Scott was Gurney’s literary executor, and before and after his death she tried, for reasons of decorum and convenience, to attribute her suffering to the shock of the shells. We can hardly blame her; how much more consoling it was to group him with tens of thousands of other men, in shared misery, than to address the brutal idea that Gurney’s troubled mind was his own. Scott was, in any case, infinitely nicer than Gurney’s brother, Ronald, who was totally of the opinion that Ivor, being “rather an unworthy person”, needed no more than “a good conversation. “. (Ronald’s threatening comment, when confronted with the manuscripts of his late brother’s poems, was “Maybe I’ll get tough and need fuel to warm myself up.”) Kennedy is able to measure his subject matter. from a distance, at a quieter distance, without blurring. out of prejudice. His cautious assessment is that Gurney’s condition “falls broadly into the category of schizoaffective disorder.”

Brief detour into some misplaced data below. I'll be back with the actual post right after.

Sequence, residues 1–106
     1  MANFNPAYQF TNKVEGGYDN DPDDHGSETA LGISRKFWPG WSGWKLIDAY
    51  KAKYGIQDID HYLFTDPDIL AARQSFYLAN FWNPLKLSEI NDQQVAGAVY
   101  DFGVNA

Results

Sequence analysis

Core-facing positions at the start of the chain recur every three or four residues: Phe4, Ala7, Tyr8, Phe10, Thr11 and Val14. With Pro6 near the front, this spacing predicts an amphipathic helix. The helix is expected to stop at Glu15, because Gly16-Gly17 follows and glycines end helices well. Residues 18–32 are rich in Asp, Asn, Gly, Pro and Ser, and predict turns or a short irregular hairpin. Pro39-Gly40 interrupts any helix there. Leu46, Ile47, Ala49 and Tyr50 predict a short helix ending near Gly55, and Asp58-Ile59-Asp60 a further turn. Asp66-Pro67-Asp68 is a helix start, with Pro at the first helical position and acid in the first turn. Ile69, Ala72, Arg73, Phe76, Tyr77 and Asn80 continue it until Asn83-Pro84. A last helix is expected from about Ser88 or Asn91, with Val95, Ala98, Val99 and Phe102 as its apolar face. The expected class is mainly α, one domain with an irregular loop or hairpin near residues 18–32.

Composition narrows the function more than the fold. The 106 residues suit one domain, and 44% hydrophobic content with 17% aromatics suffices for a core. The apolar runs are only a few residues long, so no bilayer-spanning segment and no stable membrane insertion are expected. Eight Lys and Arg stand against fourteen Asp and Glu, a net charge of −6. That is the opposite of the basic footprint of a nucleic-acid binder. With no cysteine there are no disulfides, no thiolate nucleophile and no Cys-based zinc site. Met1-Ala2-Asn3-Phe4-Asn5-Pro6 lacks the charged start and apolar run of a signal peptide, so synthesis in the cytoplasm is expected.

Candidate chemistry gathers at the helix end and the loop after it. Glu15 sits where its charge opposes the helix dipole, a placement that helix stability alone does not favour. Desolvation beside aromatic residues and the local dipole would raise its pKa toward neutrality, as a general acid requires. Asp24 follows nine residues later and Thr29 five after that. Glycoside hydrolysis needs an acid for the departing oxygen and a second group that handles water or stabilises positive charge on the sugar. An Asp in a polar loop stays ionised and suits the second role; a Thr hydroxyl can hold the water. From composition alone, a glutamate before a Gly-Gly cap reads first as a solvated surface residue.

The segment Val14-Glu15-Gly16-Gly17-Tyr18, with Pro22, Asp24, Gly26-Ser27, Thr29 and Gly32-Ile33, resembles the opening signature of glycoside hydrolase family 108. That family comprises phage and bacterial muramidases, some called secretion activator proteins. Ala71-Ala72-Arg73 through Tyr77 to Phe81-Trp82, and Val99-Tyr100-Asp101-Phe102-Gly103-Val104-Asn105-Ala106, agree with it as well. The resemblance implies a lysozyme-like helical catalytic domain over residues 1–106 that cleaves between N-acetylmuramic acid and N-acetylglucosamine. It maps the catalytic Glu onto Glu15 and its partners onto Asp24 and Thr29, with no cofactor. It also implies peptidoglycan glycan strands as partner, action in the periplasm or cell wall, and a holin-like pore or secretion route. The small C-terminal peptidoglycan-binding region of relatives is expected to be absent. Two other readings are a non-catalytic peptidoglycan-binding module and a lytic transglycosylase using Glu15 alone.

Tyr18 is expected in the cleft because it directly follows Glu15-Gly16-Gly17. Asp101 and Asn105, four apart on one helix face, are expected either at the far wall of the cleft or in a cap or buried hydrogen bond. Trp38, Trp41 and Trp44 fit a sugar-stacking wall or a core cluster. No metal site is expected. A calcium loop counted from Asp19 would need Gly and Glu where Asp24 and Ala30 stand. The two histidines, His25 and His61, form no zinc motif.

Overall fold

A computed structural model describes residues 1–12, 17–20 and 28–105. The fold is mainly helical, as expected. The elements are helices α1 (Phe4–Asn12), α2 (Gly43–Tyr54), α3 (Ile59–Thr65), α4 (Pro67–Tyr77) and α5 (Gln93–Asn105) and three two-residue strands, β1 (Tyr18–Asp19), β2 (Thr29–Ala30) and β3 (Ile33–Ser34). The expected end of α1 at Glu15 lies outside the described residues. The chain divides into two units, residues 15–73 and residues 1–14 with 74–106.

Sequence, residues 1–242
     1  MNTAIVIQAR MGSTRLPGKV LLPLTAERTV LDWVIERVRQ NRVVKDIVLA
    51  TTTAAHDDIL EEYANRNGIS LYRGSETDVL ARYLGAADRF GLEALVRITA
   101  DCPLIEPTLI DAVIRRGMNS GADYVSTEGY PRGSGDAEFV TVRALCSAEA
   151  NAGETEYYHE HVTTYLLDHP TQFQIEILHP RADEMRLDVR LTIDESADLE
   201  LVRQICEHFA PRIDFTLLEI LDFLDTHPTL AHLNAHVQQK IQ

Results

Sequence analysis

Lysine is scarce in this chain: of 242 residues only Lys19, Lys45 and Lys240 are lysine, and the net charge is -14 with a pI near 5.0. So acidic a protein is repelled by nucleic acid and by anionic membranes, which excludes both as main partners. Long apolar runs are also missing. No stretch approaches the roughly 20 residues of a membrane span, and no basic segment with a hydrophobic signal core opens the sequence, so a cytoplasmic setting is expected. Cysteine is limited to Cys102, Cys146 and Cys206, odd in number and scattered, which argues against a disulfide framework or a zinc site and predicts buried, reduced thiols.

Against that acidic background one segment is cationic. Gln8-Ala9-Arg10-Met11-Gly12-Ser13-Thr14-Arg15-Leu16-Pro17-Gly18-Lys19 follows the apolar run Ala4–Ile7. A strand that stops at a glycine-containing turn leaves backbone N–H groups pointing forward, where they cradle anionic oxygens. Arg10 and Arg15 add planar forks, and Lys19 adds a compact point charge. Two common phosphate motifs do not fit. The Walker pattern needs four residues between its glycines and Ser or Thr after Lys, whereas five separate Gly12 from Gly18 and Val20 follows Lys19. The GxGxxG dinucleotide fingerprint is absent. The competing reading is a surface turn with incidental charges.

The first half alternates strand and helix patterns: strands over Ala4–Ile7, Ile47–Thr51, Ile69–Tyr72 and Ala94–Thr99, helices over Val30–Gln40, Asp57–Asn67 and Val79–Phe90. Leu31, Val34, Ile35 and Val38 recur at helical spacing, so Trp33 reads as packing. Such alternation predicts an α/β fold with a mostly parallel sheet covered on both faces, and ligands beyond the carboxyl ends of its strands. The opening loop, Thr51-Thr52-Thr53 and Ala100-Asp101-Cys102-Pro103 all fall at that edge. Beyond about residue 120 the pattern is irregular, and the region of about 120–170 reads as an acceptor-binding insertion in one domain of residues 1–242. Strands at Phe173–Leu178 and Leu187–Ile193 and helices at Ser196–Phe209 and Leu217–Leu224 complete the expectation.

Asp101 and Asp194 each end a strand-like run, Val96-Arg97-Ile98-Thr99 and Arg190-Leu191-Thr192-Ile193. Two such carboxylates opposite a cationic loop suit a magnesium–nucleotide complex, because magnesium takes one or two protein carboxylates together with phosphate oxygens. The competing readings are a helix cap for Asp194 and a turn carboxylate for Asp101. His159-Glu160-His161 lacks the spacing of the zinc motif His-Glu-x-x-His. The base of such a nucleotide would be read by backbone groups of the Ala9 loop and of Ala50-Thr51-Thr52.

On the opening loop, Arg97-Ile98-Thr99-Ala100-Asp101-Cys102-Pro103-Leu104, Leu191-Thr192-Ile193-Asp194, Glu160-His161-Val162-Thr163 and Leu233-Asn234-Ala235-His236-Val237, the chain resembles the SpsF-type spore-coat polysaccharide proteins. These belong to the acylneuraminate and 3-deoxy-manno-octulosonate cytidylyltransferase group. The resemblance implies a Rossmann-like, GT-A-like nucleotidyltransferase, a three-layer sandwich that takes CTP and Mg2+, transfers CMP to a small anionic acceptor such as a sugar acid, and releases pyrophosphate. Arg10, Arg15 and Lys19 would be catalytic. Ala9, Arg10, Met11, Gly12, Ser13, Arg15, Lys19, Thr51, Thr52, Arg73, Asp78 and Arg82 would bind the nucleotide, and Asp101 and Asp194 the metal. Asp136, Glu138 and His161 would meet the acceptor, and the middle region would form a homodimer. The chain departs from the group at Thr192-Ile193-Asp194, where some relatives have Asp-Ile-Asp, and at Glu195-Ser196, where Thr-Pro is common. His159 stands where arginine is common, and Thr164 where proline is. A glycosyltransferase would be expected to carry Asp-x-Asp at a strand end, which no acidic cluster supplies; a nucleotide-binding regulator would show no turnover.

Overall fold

If you are tempted, even now, by the lingering romantic illusion that there might be greatness, or finesse, in the prospect of a besieged creative mind, Ivor Gurney’s ordeal will set you right. The details of its collapse, as presented by Kennedy, are acrid, capricious and desperate. The four years that have passed between what Gurney has called the “thud, clatter, belching of war” and his permanent confinement have been the most unruly of his life. His appearance deteriorated; he alternated between starving and gorging on cakes; and he veered between London and various rural retreats. Unable to endure the tensions of his parental home (his father died in May 1919), he rented a dilapidated cottage, alone, or stayed with other families, who had to face his eccentric regime. One of them, Kennedy tells us, “got into the habit of leaving a window open through which he could come and go, as if he were some sort of nocturnal pet.” The night march was a custom of Gurney, and some of his finest works are intensely alive in the birth and death of daylight: “The Dawn Stained in Military Colors”; “The sunset dies in a choking of something like love, / With dew and stars hanging from elm and half-witted owl cries.” Beauty is never indifferent.